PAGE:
To what end medicine? an examination of Christian bioethics and the nature of medicine /

McLaurin, Jennie Anderson. January 2007 (has links)
Thesis (M.T.)--Regent College, 2007. / Includes bibliographical references.

Ethics by the people

Pawliuk, George Kevin January 1991 (has links)
The Problem I will be addressing is, quite simply, "What role, if any, can philosophers legitimately play in biomedical ethics?" When one considers the recent backlash against ethical theory; philosophers' own dissatisfaction with their relationship with biomedicine; and the depth and urgency of the pertinent moral issues, it is nearly impossible to be unmoved by the enormity of the challenge. But will philosophy meet the challenge? Many of those who are familiar with the current state of biomedical ethics are inclined to be doubtful. The thesis I shall advance and defend is that this doubt is well-founded if we suppose that philosophers continue to apply their theoretical resources in biomedicine in the same manner as has usually been done. Unless philosophers dramatically change the nature of their approach in biomedical ethics, they will continue to face frustration and to be regarded as ineffectual. The role they must adopt requires them to work with many others (nurses, patients, doctors, lawyers, etc.) as equals, bringing their skills and talents to bear along with the skills and talents of non-philosophers. Without a strong inter-dependence between philosophers and non-philosophers, biomedical ethics will not prosper, nor evolve into the kind of tool that is direly needed in the health sciences. In order to defend the thesis I am advancing, I will survey some of the literature that has dealt with the problems facing philosophers in the clinic in recent years. The case against biomedical ethics (and, in particular, normative ethical theory) will be explored to reveal the content of the criticisms and their force. Following some discussion of these criticisms, pursued in order to discover elements of a new approach to the role philosophers can legitimately play in biomedical ethics, I will attempt to build a constructive alternative from these positive fragments. My conclusion, very generally, is that philosophers' skills and resources permit them to function best in close cooperation with others. I will rely on an account of a public forum (comprised of doctors, patients, theologians, nurses, etc.) to illustrate the kind of role philosophers could most effectively and legitimately pursue. Because of the nature of their activities, philosophers would, for example, often play an important role in isolating and defending significant value questions. A strong sense of inter-dependence would develop as physicians and the forum interacted. Physicians, who must be active in their roles as moral agents, would primarily be concerned with developing rules, guidelines, etc. for practical cases. Physicans would be assisted by a small group of non-physicians to ensure that important social goals are taken into account. The forum would act as an external critic of these rules, both prospectively and retro-actively. The success of the forum would provide biomedical ethics with important practical input that should be used for its growth and development. / Arts, Faculty of / Philosophy, Department of / Graduate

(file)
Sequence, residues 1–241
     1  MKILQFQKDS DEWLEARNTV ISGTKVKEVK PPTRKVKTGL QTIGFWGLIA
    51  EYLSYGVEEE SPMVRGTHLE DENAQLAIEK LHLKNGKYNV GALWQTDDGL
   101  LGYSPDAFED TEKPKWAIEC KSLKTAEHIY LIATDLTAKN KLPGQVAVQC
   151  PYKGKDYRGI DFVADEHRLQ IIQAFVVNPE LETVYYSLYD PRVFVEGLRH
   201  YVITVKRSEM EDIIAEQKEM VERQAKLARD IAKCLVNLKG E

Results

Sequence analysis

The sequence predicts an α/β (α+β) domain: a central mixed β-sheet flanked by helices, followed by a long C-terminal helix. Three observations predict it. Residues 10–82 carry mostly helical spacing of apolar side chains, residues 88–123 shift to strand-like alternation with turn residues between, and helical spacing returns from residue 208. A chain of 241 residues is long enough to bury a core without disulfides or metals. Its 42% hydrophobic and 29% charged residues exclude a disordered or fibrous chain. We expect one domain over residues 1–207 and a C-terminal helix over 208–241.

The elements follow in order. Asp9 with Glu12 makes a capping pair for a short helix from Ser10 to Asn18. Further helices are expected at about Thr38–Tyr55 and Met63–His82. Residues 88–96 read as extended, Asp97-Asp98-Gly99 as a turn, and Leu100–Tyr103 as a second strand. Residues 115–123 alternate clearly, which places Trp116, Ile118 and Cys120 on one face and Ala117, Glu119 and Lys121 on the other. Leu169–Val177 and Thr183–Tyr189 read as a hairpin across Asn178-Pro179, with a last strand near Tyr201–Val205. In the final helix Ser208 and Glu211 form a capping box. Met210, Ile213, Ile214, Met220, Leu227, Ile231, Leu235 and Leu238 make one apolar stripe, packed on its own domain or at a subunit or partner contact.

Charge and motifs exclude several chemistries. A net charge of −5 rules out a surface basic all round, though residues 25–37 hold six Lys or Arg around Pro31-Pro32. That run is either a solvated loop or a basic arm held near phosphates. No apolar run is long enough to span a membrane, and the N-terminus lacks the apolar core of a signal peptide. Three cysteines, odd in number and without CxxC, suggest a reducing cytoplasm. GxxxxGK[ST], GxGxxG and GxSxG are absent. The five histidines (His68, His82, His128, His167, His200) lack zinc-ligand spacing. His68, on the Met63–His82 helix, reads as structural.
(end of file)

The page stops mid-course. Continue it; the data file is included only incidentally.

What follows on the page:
Reporting of ethical requirements in published physiotherapy research

Frank, Denise M January 2004 (has links)